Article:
Nitrogen-tracking tools for better crops and less pollution

Feb 18, 2014
The NiTrac sensor developed by Cheng Hsun Ho and Wolf Frommer of the Carnegie Institution for Science will enable non-invasive real-time monitoring of nitrogen acquisition in action in plant roots, providing a new tool set that can be used to improve nitrogen efficiency. The novel sensor technology is widely applicable and useful also for cancer and neurobiology. Credit: Cheng Hsun Ho and Wolf Frommer

As every gardner knows, nitrogen is crucial for a plant's growth. But nitrogen absorption is inefficient. This means that on the scale of food crops, adding significant levels of nitrogen to the soil through fertilizer presents a number of problems, particularly river and groundwater pollution. As a result, finding a way to improve nitrogen uptake in agricultural products could improve yields and decrease risks to environmental and human health.

Nitrogen is primarily taken up from the soil by the roots and assimilated by the plant to become part of DNA, proteins, and many other compounds. Uptake is controlled by a number of factors, including availability, demand, and the plant's energy status. But there is much about the transport proteins involved in the process that isn't understood. New work from Carnegie's Cheng-Hsun Ho and Wolf Frommer developed tools that could help scientists observe the nitrogen-uptake process in real time and could lead to developments that improve agriculture and the environment. It will be published by eLife on March 11 and is already available online.

Frommer had previously developed technology to spy on activity by using fluorescent tags in a cell's DNA to monitor the structural rearrangements that a transporter undergoes as it moves its target molecule. They tailored this technology to five nitrogen transport targets to monitor the nitrogen uptake and assimilation process. "We engineered these sensors to monitor the activity and regulation of suspected nitrogen transporters in living , which otherwise are impossible to study," Frommer said. "This suite of tools will vastly improve our understanding of the nitrogen-uptake process and will help to develop increased and decrease fertilizer-caused pollution."

Their method is applicable to any transporter from any organism, thereby enabling the otherwise exceptionally difficult analysis of transport processes in the tissues of plants and animals.

Explore further: Nitrogen management studied in greenhouse pepper production

add to favorites email to friend print save as pdf

Related Stories

Breakthrough: Sensors monitor cells at work

Jul 02, 2013

Transport proteins are responsible for moving materials such as nutrients and metabolic products through a cell's outer membrane, which seals and protects all living cells, to the cell's interior. These transported molecules ...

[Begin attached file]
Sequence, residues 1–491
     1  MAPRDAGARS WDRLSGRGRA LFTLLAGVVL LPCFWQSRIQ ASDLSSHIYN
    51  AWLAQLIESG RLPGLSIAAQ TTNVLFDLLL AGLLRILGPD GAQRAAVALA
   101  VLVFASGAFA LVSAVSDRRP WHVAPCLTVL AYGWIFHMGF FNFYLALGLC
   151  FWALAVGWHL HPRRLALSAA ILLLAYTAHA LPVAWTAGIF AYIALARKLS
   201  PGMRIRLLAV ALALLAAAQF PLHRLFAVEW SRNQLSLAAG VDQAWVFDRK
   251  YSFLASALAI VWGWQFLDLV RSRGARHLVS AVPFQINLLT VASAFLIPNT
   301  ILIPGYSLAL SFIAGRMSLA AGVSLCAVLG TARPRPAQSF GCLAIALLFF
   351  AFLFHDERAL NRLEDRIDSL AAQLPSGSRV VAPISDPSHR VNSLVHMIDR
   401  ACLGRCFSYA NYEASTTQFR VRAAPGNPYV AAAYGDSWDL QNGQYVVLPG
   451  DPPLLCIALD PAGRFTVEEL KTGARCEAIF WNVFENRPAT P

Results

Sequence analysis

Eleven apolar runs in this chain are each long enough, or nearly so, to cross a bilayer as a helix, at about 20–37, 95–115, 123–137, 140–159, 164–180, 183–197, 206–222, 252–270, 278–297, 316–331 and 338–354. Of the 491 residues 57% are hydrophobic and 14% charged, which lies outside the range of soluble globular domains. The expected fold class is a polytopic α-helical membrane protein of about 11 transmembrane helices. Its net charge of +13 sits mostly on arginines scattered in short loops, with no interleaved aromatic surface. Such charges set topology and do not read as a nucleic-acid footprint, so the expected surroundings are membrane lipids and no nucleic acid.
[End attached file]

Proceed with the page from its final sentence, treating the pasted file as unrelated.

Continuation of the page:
Nitrogen key to uptake of other corn nutrients, study shows

Apr 17, 2013

(Phys.org) —A historical analysis of corn research shows that new hybrids are taking up more nitrogen than older plant varieties after the crucial flowering stage, a clue as to how plant scientists will need to adapt plants ...

Nitrogen management studied in greenhouse pepper production

Jan 31, 2014

As consumer demand for year-round fresh produce increases, vegetable and fruit producers are facing significant environmental and sustainability issues, and are being challenged to examine traditional production practices ...

A genetic alternative to fertilizer

Jun 01, 2012

Several studies have shown that a lack of nitrogen in soils adversely affects crop yields. The modern use of nitrogen fertilizers has improved yields to meet expanding global food demand, but in some cases ...

Recommended for you

3Qs: Game theory and global climate talks

Nov 21, 2014

Last week, China and the United States announced an ambitious climate agreement aimed at reducing carbon emissions in both countries, a pledge that marks the first time that China has agreed to stop its growing emissions. ...

From hurricanes to drought, LatAm's volatile climate

Nov 21, 2014

Sixteen years ago, Teodoro Acuna Zavala lost nearly everything when Hurricane Mitch ravaged his fields, pouring 10 days of torrential rains on Central America and killing more than 9,000 people.

Nicaragua: Studies say canal impact to be minimal

Nov 20, 2014

Officials said Thursday that studies have determined a $40 billion inter-oceanic canal across Nicaragua will have minimal impact on the environment and society, and construction is to begin next month.

User comments : 0

Please sign in to add a comment. Registration is free, and takes less than a minute. Read more

Click here to reset your password.
Sign in to get notified via email when new comments are made.